Put your left foot in the air out in front of you.
Now move it in a clockwise direction, making little circles with it.
Put your left hand in the air while you’re doing this, but keep looking down at your rotating foot while drawing the number six with your raised hand.
See what happened there? Yeah. The human brain is weird.
This was one of the many entertaining exercises Gary Anaka put his audience through one night last week in the gymnasium at Belmont secondary, during his presentation entitled “The New Science of the Teenage Brain.”
The approximately 200 people in attendance – made up mostly of parents of teenagers, with a smattering of teachers and a few students – were up and down in their seats all night, laughing, groaning, shouting, high-fiving and following along with Anaka, as he made them perform all kinds of movements to explain and reinforce his message.
Anaka taught in high school environments for 32 years in both Canada and Australia. He’s presented professional development workshops to tens of thousands of teachers, support staff, students and parents in more than 50 school districts in B.C. and other provinces and is the author of the book Your Magical Brain: How it Learns Best.
His message is an important one, and it’s one we’ve heard over and over again throughout history – so much so that it’s become a cliché.
“If you don’t use it, you lose it.”
The difference between the cliché we’re all familiar with and the message Anaka was sharing is that his message is now backed up by neuroscience.
The development of the prefrontal cortex – the three dime-wide sheet of brain matter right behind your forehead – doesn’t begin until the age of 11, according to Anaka.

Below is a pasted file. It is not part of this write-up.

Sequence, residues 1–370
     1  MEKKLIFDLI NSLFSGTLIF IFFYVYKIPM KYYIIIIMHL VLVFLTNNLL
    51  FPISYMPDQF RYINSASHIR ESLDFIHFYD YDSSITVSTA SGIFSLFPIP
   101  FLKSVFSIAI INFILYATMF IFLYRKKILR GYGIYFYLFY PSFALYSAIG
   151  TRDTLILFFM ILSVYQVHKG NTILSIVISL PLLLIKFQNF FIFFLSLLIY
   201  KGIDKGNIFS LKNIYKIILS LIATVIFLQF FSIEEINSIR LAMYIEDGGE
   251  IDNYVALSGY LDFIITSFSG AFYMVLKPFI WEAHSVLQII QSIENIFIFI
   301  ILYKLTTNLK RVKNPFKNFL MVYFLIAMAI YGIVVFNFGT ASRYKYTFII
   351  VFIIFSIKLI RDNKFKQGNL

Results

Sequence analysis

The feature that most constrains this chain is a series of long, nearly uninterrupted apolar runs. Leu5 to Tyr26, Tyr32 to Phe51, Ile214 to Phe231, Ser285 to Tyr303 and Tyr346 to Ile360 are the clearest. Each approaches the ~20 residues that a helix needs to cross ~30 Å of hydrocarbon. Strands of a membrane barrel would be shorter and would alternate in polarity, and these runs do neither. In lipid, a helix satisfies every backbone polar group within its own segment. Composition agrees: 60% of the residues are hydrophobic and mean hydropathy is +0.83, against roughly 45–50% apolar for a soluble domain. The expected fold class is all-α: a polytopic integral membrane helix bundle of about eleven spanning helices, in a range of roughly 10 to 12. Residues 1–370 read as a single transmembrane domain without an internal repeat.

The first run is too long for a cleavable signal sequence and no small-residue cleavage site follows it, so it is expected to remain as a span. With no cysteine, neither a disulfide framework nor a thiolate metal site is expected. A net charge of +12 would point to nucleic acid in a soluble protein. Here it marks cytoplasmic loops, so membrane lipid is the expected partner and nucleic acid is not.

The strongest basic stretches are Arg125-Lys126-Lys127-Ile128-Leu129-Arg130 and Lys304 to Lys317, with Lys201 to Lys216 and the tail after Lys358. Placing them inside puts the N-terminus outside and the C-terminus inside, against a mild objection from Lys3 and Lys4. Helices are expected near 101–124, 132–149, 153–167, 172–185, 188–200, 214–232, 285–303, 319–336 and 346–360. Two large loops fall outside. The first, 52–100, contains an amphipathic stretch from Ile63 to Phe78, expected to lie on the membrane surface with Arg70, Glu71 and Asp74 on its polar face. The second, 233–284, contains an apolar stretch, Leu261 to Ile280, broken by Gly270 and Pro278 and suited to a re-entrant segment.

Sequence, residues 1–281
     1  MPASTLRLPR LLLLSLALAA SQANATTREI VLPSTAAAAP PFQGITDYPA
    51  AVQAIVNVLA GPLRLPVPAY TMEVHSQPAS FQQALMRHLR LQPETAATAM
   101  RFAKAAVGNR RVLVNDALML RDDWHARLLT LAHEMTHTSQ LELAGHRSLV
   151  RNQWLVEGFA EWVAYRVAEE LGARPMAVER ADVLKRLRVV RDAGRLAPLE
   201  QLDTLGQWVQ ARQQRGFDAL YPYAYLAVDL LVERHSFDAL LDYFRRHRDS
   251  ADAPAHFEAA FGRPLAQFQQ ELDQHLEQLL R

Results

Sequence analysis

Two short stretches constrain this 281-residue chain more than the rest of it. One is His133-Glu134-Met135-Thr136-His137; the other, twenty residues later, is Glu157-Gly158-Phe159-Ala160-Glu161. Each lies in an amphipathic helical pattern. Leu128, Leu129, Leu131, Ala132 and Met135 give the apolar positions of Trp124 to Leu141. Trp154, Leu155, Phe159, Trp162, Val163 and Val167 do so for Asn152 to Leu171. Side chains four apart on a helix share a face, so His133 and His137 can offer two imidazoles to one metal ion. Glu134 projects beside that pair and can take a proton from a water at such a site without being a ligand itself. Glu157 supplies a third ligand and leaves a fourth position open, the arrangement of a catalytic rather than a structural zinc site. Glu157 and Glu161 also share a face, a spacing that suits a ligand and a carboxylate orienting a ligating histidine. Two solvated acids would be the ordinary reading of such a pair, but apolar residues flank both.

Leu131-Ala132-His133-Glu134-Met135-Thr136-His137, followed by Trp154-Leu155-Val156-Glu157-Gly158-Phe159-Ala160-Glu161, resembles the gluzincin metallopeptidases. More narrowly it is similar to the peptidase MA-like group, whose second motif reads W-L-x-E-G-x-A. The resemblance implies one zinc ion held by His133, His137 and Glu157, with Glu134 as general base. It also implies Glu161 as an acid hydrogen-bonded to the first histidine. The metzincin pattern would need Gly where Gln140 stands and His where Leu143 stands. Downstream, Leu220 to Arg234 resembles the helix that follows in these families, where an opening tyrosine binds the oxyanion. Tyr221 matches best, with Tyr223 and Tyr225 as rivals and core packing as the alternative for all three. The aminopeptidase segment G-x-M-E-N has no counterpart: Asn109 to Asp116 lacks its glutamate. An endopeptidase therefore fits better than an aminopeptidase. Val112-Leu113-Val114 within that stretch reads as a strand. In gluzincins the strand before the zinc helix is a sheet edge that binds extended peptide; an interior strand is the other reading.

This area of the brain is what controls and regulates mood, cognitive behaviour (the ability to retain information) and decision making and moderates social behaviour.
That’s the crux of the issue, Anaka says, when trying to figure out what’s going on in the teenage brain. They have an underdeveloped – and currently developing – prefrontal cortex and they have approximately 15 years to make it into what it will be for the rest of their lives, so it’s important to work it out. It’s also why, he says, we see teenagers “being wacky,” making bad decisions, rebelling and having mood swings.
The key ingredient in growing a good prefrontal cortex, Anaka says, is dopamine.
Dopamine is a hormone produced within the body that plays an important role in motor control, motivation and cognition, so stimulating the production of this natural chemical is imperative to developing a high-functioning brain during the maturation of the prefrontal cortex.
The way to do this, Anaka explains to the crowd, is to build cognitive capacity, or memory, by engaging in repetition, avoiding social isolation to build social skills and getting daily exercise.
He adds teenage brains, and everyone else’s, need to be engaged in what’s happening to retain the information. In order to be engaged, thus producing dopamine, what’s happening must be interesting for them, so finding things that will engage them is also important, as long as those things aren’t video games or other screen-based activities.
Because, as Anaka says, “If your bum is numb, so is your brain."
For more information on Anaka or his brain coaching, including a schedule of future workshops and presentations, head over to braincoach.ca.